China still holds the cards for global supply chains, whether or not Covid lockdowns frustrate businesses in the short term. A worker works on the production line of screens for 5G smartphones at a factory in Ganzhou, east China’s Jiangxi province, 13 May 2022.
Zhu Haipeng | Visual China Group | Getty Images
BEIJING — China is still holding the cards for global supply chains, whether or not Covid lockdowns frustrate businesses in the short term.
Companies and analysts have debated moving factories out of China for years, particularly since labor costs have risen and US-China trade tensions have intensified.
The pandemic has reignited those conversations. Foreign companies talk about executives being able to easily travel to factories in Southeast Asia, but not China. Some point to rising exports from Vietnam as an indicator that supply chains are leaving China.
“Supply chain diversification is quite difficult because people are always talking about it and boardrooms love to discuss it, but at the end of the day people often find it difficult to implement,” said Nick Marro, global trade leader at The Economist Intelligence Unit .
When companies had these talks in 2020, it turned out that “China could stay open while Malaysia and Vietnam went offline,” Marro said. “Really, the deciding factor right now is how China plans to maintain these [Covid] Controls while the rest of the world opens up.”
China’s so-called zero-Covid strategy of quick lockdowns helped the country quickly return to growth in 2020. However, implementation of these measures has since tightened, particularly this year as China faces a Covid resurgence in Shanghai and other parts of the country.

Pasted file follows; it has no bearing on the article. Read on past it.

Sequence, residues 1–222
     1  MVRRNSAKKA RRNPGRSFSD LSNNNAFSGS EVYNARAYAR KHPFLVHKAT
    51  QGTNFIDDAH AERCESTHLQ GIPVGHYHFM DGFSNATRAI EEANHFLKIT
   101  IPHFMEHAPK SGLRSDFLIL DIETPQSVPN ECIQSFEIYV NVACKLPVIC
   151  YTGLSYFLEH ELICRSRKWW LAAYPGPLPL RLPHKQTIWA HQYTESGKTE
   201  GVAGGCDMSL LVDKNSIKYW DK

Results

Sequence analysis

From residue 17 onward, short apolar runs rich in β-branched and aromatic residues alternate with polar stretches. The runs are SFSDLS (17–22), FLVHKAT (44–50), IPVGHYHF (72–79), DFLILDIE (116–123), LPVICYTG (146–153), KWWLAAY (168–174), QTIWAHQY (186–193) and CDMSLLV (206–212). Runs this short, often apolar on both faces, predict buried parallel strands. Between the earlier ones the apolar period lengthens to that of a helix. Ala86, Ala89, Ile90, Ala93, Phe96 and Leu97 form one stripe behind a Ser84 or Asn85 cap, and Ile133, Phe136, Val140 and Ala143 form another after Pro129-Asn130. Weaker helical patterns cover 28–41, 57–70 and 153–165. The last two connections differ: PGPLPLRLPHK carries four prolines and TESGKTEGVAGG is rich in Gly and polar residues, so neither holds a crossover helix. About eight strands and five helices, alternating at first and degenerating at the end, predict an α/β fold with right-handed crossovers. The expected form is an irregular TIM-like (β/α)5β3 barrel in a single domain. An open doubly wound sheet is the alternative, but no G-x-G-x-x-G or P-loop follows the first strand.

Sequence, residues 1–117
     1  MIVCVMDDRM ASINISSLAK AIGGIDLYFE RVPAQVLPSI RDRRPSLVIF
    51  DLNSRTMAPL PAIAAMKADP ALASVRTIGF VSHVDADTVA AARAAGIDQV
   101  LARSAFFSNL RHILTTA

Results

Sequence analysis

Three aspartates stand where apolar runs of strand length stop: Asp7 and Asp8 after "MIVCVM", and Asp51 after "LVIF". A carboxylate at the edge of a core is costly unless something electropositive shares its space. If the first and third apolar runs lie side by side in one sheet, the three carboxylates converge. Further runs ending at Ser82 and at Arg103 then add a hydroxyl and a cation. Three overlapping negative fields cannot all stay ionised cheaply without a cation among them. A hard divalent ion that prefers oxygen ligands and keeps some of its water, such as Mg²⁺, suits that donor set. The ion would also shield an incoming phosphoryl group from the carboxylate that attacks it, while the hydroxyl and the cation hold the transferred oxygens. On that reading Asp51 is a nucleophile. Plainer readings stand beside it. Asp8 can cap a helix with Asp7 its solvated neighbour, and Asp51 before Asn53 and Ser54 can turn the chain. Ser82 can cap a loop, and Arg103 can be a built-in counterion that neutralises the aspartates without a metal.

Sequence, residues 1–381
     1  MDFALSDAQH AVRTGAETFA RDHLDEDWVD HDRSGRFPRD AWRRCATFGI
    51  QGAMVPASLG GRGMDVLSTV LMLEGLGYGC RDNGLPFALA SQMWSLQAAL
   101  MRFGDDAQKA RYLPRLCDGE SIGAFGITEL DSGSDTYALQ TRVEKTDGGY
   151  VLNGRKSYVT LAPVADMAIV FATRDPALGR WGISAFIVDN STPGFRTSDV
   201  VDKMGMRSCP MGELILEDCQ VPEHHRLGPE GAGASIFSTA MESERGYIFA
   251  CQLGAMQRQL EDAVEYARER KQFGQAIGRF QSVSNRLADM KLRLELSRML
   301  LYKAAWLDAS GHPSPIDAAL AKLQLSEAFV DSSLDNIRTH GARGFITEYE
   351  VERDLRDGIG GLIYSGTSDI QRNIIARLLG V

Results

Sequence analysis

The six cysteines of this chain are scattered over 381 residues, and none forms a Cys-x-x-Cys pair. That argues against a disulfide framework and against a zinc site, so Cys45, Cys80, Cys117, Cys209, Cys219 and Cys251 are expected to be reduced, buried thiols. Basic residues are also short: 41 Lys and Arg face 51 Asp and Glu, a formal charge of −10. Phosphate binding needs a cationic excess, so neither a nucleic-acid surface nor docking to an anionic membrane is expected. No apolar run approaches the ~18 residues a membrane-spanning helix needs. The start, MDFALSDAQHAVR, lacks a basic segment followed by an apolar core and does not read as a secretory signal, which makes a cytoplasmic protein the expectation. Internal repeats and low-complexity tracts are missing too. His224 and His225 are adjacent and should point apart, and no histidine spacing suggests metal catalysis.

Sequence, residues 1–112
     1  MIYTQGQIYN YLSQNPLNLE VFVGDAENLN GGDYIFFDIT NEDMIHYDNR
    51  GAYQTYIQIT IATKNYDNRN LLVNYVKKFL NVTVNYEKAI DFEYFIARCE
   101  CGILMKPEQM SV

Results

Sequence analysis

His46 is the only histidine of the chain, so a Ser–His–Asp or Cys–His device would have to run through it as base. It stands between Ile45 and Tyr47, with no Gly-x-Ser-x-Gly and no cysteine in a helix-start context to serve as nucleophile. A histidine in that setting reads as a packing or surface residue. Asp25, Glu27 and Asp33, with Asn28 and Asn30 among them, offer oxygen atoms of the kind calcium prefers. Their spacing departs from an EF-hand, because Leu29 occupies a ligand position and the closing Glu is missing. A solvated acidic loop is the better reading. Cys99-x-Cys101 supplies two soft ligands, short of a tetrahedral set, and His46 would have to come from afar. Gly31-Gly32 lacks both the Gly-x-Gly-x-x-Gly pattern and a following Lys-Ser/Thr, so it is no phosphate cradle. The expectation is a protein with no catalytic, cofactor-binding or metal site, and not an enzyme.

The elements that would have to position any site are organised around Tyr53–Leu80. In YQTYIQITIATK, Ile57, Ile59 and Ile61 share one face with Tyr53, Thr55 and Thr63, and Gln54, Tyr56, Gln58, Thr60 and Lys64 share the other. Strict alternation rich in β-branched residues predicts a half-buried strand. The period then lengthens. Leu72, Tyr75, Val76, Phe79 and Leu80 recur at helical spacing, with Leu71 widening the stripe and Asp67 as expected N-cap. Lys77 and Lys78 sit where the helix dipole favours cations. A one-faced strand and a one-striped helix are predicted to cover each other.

“Substantial” interest in Vietnam
According to the figures, China’s exports rose 3.9% year on year in April, the slowest pace since a 0.18% rise in June 2020, according to official data accessible via Wind Information.
In contrast, Vietnam saw its exports surge 30.4% yoy in April after registering a nearly 19.1% yoy rise in March, Wind showed.
Industry interest in Vietnam is “very significant,” said Vishrut Rana, Singapore-based economist at S&P Global Ratings, in a phone interview. “Vietnam has emerged as a very important supply chain node for consumer electronics.”
However, according to Wind, Vietnam’s April exports totaled $33.26 billion, or about an eighth of China’s $273.62 billion in global exports that month.
“From a Chinese perspective, the churn away from local manufacturing will not be significant enough to really transform China’s role in the entire supply chain,” Rana said. “China still remains the center of the electronics network in APAC.”
Companies are still investing in China
In the first four months of the year, foreign direct investment in China rose 26.1% year-on-year to $74.47 billion, China’s Commerce Ministry said on Thursday. During this period, investments from Germany increased by 80.4%, while those from the US increased by 53.2%.
In contrast, Vietnam saw foreign direct investment fall 56% year-on-year to $3.7 billion in the first four months of the year, Wind data showed. Foreign direct investment from the US fell by 14%.
The recent Covid lockdowns in China have slowed the ability of trucks to move goods across China, while many factories in the Shanghai area had reduced or no production for weeks. Shown here is the workshop of a textile company in nearby Jiangsu Province.
CFOTO | Future Publishing | Getty Images
“It is currently very difficult to match the scale and scale of Chinese supply chains outside of China,” Rana said. Only supply chains for very specific products – like semiconductors or electric vehicle parts – could shift to Vietnam, Malaysia or other countries, he added.